Neutrality is not isolationism. The US would continue to be involved in global trade and international relations. However, it would simply not join alliances nor start wars of aggression. There would be no military aid to others and the US would maintain friendly relations with all, from Britain and Germany to Iran and North Korea. This in no way means we condone their behavior nor have much in common with them, any more than our current buddy-buddy relationship with Saudi Arabia means the same. Our foreign policy would concentrate on US interests first, and neutrality would leave more time, energy, resources and money to do so. No billion dollars a year to Egypt and Israel. No wars in Iraq or Afghanistan. No 700+ military bases abroad.
Neutrality is also not pacifism. In fact, one of the key components to a successful policy of neutrality is our Coming Anarchy motto, si vis pacem, para bellum. Countries like Switzerland, Sweden and Finland are intentionally well armed (both military and civilian) in order to maintain their neutrality. For evidence of how aggressive and just straight up nasty a neutral country can be, see the Winter War when the USSR invaded Finland.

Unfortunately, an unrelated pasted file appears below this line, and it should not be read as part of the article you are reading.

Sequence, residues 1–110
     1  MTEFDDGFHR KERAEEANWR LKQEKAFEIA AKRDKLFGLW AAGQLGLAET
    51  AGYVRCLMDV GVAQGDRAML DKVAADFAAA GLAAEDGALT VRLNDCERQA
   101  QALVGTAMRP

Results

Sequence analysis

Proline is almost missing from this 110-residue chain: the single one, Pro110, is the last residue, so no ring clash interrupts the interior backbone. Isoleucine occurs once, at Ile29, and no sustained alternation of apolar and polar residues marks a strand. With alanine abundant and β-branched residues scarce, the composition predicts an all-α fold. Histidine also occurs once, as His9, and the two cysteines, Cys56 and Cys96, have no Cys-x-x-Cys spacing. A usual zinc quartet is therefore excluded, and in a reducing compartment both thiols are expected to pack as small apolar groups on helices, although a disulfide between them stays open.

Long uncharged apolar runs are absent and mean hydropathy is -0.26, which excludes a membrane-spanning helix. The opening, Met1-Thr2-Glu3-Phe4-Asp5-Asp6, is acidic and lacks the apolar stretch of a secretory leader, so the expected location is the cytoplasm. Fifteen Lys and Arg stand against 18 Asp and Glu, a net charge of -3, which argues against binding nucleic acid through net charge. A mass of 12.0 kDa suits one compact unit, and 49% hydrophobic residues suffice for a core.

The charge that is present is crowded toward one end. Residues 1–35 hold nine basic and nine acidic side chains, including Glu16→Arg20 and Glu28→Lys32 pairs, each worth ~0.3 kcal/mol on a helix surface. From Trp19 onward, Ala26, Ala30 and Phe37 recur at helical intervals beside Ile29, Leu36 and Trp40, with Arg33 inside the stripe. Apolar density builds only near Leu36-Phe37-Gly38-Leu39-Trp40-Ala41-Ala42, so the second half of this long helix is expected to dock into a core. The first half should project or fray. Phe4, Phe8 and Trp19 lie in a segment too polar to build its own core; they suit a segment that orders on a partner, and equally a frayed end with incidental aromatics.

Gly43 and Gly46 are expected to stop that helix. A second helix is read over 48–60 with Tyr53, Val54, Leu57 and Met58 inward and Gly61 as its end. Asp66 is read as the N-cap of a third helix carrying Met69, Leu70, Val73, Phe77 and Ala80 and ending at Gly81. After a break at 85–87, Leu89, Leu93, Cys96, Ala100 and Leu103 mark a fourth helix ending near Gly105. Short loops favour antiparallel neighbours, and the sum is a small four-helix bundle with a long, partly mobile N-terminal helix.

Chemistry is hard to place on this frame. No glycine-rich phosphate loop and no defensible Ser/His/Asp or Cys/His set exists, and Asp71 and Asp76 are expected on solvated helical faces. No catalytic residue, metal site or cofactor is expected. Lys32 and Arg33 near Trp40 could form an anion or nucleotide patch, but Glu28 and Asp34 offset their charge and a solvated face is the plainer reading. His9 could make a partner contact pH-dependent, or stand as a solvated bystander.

Neutrality also does not mean the United States will have no enemies and will never be at war. The past six decades have seen America involved in plenty of other countries’ business and make many enemies. Naturaly, withdrawal from overseas bases and a stop to alliances and favoring countries like Israel would vastly reduce the current threats and enemies we face. However, there will always be enemies and the US would always remain vigiliant, not ceasing to unleash hell should the US be attacked.
The United States is in a strong position to adopt a policy of neutrality. Its economic, geographic and military strength ensure that such a policy would not only be viable but could indeed thrive. Neutrality would be truer to America’s roots and traditions than our current imperalist policies and would also reduce our threat level, enemies and military expenditures.
It would put America back on track to a stronger position in worldwide and improve its prestige, allowing the country to remain the ‘beacon on the hill’ and leading example of democracy we strive to be, and yet are currently failing at. It would additionally help refocus Americans’ attention and energy on our many domestic problems. Neutrality would make us safer, richer and more prosperous overall, not to mention return to our anti-imperialist roots.
* There is some debate as to countries like Finland and Ireland who have joined the EU and whether they can still technically be called neutral